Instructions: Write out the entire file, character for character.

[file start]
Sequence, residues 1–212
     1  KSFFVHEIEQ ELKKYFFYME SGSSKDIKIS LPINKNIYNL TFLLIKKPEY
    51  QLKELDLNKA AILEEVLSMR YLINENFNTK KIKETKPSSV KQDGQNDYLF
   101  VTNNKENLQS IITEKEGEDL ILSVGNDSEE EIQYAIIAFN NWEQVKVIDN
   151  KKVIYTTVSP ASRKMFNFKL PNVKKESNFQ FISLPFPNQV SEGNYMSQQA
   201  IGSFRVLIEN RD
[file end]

Sequence, residues 1–212
     1  KSFFVHEIEQ ELKKYFFYME SGSSKDIKIS LPINKNIYNL TFLLIKKPEY
    51  QLKELDLNKA AILEEVLSMR YLINENFNTK KIKETKPSSV KQDGQNDYLF
   101  VTNNKENLQS IITEKEGEDL ILSVGNDSEE EIQYAIIAFN NWEQVKVIDN
   151  KKVIYTTVSP ASRKMFNFKL PNVKKESNFQ FISLPFPNQV SEGNYMSQQA
   201  IGSFRVLIEN RD